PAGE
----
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Learning to Defer with Limited Expert Predictions

Title data

Hemmer, Patrick ; Thede, Lukas ; Vössing, Michael ; Jakubik, Johannes ; Kühl, Niklas:
Learning to Defer with Limited Expert Predictions.
In: Proceedings of the 37th AAAI Conference on Artificial Intelligence. - Washington, DC, USA , 2023

Abstract in another language

Recent research suggests that combining AI models with a human expert can exceed the performance of either alone. The combination of their capabilities is often realized by learning to defer algorithms that enable the AI to learn to decide whether to make a prediction for a particular instance or defer it to the human expert. However, to accurately learn which instances should be deferred to the human expert, a large number of expert predictions that accurately reflect the expert's capabilities are required -- in addition to the ground truth labels needed to train the AI. This requirement shared by many learning to defer algorithms hinders their adoption in scenarios where the responsible expert regularly changes or where acquiring a sufficient number of expert predictions is costly. In this paper, we propose a three-step approach to reduce the number of expert predictions required to train learning to defer algorithms. It encompasses (1) the training of an embedding model with ground truth labels to generate feature representations that serve as a basis for (2) the training of an expertise predictor model to approximate the expert's capabilities. (3) The expertise predictor generates artificial expert predictions for instances not yet labeled by the expert, which are required by the learning to defer algorithms. We evaluate our approach on two public datasets. One with "synthetically" generated human experts and another from the medical domain containing real-world radiologists' predictions. Our experiments show that the approach allows the training of various learning to defer algorithms with a minimal number of human expert predictions. Furthermore, we demonstrate that even a small number of expert predictions per class is sufficient for these algorithms to exceed the performance the AI and the human expert can achieve individually.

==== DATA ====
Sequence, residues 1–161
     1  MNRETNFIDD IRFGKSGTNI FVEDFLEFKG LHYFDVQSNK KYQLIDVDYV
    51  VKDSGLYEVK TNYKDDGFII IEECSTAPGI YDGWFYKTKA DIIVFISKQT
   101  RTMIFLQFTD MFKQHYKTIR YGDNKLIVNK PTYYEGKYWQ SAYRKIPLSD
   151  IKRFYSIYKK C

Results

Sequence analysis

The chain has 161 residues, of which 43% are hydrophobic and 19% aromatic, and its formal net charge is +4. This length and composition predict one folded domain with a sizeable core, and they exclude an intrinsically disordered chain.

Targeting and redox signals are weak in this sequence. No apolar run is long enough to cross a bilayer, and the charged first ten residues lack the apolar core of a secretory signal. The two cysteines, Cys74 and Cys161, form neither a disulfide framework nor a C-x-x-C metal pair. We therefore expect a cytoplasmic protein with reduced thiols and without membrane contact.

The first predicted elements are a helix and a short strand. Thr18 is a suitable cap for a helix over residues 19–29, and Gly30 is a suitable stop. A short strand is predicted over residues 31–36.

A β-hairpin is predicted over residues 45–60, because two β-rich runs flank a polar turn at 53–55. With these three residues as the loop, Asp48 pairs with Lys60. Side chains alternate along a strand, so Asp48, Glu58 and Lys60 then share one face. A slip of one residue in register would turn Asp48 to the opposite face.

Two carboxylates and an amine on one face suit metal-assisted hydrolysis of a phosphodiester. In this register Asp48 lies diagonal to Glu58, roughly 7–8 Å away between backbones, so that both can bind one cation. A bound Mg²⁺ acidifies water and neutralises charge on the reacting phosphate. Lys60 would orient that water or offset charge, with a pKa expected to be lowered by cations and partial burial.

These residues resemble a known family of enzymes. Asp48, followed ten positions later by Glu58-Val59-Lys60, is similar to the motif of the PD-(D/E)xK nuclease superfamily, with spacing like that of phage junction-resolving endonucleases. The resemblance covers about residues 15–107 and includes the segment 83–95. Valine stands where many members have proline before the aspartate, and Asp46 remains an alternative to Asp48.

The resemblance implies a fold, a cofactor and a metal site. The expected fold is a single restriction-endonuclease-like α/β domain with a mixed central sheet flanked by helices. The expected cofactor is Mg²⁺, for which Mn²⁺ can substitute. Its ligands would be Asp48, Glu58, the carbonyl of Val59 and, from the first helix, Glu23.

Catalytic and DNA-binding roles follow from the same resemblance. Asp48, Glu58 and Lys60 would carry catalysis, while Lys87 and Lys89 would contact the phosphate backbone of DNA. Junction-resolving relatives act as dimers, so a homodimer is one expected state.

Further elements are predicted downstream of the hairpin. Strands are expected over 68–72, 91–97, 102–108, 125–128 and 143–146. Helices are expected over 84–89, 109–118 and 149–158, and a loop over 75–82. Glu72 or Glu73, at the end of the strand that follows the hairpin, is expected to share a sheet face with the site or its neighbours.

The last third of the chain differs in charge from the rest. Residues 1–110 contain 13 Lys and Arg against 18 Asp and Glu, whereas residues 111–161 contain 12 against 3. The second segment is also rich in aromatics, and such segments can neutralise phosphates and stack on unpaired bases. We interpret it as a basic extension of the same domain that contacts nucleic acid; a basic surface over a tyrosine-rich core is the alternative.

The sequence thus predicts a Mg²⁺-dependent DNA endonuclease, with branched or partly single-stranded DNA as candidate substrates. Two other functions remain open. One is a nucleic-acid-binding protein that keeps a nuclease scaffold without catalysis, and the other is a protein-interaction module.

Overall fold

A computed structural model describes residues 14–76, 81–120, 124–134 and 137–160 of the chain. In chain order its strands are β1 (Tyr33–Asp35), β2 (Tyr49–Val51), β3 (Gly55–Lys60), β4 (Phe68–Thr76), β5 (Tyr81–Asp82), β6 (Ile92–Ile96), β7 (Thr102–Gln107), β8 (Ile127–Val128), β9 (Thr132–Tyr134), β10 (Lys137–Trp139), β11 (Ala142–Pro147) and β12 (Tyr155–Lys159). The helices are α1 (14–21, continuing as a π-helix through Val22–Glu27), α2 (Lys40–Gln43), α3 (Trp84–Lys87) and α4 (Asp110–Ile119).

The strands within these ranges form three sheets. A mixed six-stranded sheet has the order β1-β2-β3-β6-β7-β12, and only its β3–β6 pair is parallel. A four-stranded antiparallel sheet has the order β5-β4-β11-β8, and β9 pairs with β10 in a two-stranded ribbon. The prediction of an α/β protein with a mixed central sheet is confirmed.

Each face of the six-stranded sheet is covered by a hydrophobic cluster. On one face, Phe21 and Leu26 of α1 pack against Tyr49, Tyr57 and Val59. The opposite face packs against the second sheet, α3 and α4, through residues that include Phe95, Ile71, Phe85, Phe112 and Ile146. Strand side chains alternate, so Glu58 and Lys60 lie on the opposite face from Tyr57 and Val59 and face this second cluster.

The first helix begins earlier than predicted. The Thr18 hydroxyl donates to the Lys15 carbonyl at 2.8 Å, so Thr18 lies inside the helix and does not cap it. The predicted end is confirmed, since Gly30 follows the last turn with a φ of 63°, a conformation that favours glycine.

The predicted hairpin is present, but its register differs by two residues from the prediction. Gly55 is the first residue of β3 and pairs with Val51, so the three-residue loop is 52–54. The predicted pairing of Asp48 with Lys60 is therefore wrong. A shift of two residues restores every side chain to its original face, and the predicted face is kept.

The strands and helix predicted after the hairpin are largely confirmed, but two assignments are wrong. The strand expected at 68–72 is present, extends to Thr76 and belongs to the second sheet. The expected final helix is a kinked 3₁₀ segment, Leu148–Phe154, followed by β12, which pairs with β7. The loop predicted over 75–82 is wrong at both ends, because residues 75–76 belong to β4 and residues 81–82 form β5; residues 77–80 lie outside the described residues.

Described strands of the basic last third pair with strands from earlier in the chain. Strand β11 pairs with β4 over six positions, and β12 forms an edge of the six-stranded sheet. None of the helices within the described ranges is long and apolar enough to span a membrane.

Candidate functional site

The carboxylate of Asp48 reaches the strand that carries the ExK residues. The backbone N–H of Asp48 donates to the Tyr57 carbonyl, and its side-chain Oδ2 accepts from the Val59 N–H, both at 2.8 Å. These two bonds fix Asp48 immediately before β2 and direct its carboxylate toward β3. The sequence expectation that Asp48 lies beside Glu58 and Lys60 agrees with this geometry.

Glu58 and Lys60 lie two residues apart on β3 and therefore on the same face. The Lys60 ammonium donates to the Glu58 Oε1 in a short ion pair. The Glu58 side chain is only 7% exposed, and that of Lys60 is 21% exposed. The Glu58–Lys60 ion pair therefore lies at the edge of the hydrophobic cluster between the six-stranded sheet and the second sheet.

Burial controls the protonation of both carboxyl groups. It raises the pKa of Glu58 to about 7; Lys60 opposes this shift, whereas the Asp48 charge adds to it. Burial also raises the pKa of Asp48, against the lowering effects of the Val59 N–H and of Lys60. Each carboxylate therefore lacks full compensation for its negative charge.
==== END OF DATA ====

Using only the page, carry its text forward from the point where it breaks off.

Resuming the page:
Further data

Item Type: Article in a book
Refereed: Yes
Institutions of the University: Faculties > Faculty of Law, Business and Economics > Department of Business Administration
Faculties > Faculty of Law, Business and Economics > Department of Business Administration > Chair Information Systems Management > Chair Information Systems Management - Univ.-Prof. Dr.-Ing. Niklas Kühl
Result of work at the UBT: No
DDC Subjects: 000 Computer Science, information, general works > 004 Computer science
300 Social sciences > 330 Economics
Date Deposited: 04 May 2023 06:42
Last Modified: 04 May 2023 06:42